You never know where you’ll learn about PR, marketing and branding. I had a terrific reminder this week, while re-watching the movie, “Pulp Fiction.” It’s one of my favorites, and I practically have the script memorized. Yet I never realized that its characters provide fantastic lessons on the subject of personal branding. O.K. Bear with me. I know you’re wondering how John Travolta’s comeback movie taught anything. Trust me: Quentin Tarantino is a quirky producer who wove all sorts of lessons into that gritty film.
It struck me during the piece called “The Bonny Situation.” That’s when Travolta’s and Samuel L. Jackson’s characters, mobsters Vincent and Jules, arrive on the doorstep of Jule’s friend (Harvey Kitel) with a body in their car. Kitel’s wife Bonny would not be happy about having a body in her home (go figure!). Even mobsters need help when faced with an angry wife (no, that’s not the lesson). So, they called in a specialist.
And then the lesson began.
Jules and Vincent opened the door at their friend’s home to find their tux-clad specialist.
“I’m Winston Wolf. I solve problems.”
It was that simple. Forget about the laborious 30-second elevator pitch. In six words, he articulated his value. Of course, he had to know his value before he could come up with such a tightly spun introduction. That’s something everyone and every company grapples with and spends time and money trying to figure out.
In essence a personal brand — or even a company brand — is about leadership. Are you perceived as a leader? If not, unleash your inner leader and see your personal brand skyrocket.
Here are 10 leadership tips, based on my work helping companies, organizations and executives brand themselves:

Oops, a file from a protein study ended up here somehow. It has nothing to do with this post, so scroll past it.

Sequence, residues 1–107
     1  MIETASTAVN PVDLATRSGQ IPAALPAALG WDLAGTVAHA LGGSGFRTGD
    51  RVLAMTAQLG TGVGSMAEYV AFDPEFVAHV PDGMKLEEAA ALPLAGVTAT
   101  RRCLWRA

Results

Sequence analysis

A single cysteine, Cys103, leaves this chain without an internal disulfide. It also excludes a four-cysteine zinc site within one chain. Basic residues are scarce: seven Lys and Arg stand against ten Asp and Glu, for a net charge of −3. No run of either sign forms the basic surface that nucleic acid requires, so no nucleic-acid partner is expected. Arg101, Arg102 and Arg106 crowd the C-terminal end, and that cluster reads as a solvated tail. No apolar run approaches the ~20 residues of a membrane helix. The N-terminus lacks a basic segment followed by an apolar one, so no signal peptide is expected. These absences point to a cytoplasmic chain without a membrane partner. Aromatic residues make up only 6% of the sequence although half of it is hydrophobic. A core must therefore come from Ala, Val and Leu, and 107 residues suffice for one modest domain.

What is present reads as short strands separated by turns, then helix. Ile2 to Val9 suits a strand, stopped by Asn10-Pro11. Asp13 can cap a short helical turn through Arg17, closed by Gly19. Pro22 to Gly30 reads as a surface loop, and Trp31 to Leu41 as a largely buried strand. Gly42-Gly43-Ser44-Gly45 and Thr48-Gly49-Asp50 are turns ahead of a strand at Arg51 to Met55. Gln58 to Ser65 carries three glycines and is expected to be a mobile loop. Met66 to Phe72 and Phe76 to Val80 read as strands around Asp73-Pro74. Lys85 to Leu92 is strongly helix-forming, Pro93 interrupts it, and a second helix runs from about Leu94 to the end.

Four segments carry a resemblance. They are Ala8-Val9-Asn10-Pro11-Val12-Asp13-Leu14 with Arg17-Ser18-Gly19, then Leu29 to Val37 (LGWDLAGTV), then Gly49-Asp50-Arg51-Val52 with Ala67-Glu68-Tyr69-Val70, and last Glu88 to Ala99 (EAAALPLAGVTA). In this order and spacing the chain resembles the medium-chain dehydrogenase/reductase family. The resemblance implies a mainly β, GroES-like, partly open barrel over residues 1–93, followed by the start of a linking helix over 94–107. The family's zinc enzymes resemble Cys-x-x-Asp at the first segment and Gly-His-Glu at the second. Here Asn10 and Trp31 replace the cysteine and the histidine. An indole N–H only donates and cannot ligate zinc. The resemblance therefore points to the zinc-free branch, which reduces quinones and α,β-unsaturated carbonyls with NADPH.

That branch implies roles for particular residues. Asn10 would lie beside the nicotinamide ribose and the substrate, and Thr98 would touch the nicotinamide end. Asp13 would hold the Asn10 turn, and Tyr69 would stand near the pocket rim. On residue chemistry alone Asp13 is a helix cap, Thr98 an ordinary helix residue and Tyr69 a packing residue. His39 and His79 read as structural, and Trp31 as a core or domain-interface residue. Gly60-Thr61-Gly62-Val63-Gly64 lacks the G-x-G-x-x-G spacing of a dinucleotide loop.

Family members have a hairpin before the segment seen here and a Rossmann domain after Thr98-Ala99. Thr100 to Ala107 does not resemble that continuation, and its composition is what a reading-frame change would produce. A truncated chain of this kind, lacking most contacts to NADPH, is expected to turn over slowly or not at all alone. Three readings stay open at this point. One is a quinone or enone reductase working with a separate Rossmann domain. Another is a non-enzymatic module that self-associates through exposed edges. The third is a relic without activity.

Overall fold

Do what you will say you will do — Nothing conveys leadership more than being accountable.
Trust others — People won’t follow you if they don’t believe they can earn your confidence.
Help others trust you — Remember that your personal integrity is at stake.
Be a stellar communicator — Choose your words wisely and communicate with your audiences’ interest in mind.
Grow your emotional intelligence — Learn more about this by reading “Emotional Intelligence: Why It Can Matter More Than IQ,” by Daniel Goleman.
Understand business basics — Whether you’re a PR coordinator, VP of human resources or software engineer, you’re job is to be a businessperson first, a specialist second.
Admit what you don’t know— Then surround yourself with people who can fill in the gaps.
Nurture a positive attitude — Your words and attitude become your reality.
Manage your energy — Leaders must look the part, too. Low-energy individuals appear disengaged and won’t spark enthusiasm among their colleagues. Those over the top can turn off people. Find a middle ground.
Create a personal brand strategy — The Wolf did it. You can, too. Remember this equation: promotion + promises = delivery. What do you promote about yourself? What do you promise you’ll do? They must be the same as what you deliver. Your words must be in alignment with your actions.
Now, it’s your turn. What’s your value?